Are you between 16 and 21 years
There is a program called the "Independent Living Program" (ILP) available in all California counties, which serves youth aged 16-18 in foster care and also helps emancipated foster youth up to age 21. Counties can use ILP money for college or vocational training costs, transportation, some other needs, and up to 30% on housing. If you don't participate in ILP, you may miss out on services that can help you get a computer, earn money, find jobs and housing, or scholarship opportunities for school. Locate your County ILP Coordinator.
Locate an ILP Coordinator in another State.
What can ILP do for me?
Unless you are prepared, emancipating can
be frightening. Among other things, the ILP program can
help you to:
- Get money through the Emancipated Youth Stipend to help with housing, food and expenses after you emancipate;
- Get funds for driver's training;
- Find a steady job, with a good paycheck;
- Get an apartment / Transitional
- Learn the skills to become self-sufficient;
- Get money to finish school.
Participate in ILP!
Make sure you participate in your county's Independent Living Program, and take advantage of all the services such as the Transitional Housing Placement Program. Twenty-two counties have this program which allows some foster youth 17 or older to learn self sufficiency skills while living in an apartment in the community and being supervised by the their case worker and care provider.
Your social worker/probation officer must:
Don't know what a TILP is?
- Make sure that transportation to ILP is provided and/or accessible.
- Make sure you have access to ILP core services (ILP participation cannot be used as a punishment or a reward).
- The county where you live must provide core ILP services.
- The county where your court is must pay the county where you live for the ILP services they provide.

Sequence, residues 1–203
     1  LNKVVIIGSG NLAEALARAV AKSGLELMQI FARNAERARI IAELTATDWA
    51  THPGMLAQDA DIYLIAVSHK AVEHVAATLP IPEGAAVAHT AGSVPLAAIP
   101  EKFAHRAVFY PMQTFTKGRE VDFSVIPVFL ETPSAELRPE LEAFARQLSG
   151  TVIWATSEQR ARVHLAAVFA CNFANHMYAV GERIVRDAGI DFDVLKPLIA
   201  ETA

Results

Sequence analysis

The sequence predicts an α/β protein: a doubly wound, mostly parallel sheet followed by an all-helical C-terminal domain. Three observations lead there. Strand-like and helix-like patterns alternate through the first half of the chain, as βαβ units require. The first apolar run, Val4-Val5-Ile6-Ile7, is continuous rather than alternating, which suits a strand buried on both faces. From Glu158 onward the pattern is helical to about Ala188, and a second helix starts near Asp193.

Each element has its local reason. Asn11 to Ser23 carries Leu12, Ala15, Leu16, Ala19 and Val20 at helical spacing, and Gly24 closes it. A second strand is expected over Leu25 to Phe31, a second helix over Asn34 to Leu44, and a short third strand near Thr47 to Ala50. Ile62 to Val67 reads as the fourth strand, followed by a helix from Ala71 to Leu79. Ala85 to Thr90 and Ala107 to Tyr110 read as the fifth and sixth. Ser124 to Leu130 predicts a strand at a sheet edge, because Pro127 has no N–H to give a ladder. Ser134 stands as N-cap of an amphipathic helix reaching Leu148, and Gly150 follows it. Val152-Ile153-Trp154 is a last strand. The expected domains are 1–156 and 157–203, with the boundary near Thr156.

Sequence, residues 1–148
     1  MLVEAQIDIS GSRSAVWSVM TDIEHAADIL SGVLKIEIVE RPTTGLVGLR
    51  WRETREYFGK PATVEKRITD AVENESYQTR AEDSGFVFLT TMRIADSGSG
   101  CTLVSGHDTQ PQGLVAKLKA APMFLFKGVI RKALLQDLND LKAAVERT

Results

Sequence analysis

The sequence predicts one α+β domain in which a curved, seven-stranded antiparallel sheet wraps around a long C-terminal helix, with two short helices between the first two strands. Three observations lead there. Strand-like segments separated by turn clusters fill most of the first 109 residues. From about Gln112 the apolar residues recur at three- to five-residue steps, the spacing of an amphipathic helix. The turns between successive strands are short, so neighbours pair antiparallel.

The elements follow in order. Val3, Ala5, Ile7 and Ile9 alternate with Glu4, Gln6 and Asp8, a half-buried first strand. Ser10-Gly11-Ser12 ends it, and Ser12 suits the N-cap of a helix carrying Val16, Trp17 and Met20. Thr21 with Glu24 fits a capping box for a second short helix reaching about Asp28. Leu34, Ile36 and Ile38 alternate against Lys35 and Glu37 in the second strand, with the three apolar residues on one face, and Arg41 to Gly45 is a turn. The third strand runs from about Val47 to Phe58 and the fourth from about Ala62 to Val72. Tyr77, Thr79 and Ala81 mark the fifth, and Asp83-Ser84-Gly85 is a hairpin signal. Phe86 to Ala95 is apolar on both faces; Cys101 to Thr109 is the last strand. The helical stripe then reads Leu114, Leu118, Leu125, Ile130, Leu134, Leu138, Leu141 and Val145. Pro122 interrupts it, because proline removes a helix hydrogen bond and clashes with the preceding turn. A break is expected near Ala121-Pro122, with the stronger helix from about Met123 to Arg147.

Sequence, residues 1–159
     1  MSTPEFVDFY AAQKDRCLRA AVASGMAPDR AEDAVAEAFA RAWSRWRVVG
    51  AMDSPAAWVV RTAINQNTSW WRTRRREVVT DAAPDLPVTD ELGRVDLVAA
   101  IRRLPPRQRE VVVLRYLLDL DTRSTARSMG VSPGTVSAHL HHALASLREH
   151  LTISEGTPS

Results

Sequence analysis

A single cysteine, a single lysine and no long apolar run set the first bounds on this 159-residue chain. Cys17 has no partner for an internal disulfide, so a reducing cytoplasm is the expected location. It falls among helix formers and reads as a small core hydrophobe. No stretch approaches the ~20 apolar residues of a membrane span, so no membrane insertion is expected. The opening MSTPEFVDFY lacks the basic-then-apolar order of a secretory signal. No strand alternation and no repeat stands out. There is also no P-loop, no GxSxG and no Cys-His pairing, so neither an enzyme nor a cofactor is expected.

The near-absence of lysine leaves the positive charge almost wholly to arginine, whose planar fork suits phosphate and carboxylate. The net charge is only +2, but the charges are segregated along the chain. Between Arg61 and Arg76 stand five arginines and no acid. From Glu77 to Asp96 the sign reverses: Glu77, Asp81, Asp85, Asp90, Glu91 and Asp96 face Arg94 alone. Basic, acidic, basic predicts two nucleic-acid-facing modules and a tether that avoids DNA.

- Make sure that you are able to complete the goals in your Transitional Independent Living Plan (TILP). Your ILP coordinator will help you achieve those goals.
It's your emancipation preparation plan! You write your first plan with your social worker when you are 15 to 16 years old. You update it every six months. Ask your social worker or probation officer or ILP Coordinator about this.
National Youth in Transition Database (NYTD)
The Chafee Foster Care Independence Act (FCIA) of 1999, required the Administration for Children and Families (ACF) to develop and implement a data collection system to track the independent living services provided to youth, and develop outcome measures that may be used to assess a states performance in operating their independent living programs. View the Fact Sheet.
A pamphlet called "When you Become 18: A Survival Guide for Teenagers" is full of good information for after you turn 18 years old. For copies, send an email to email@example.com or to see a copy on line go to California State Bar.
To hook up with the Independent
Living Program, or to voice a concern about the way things
are going for you, call the Office of the Foster Care Ombudsman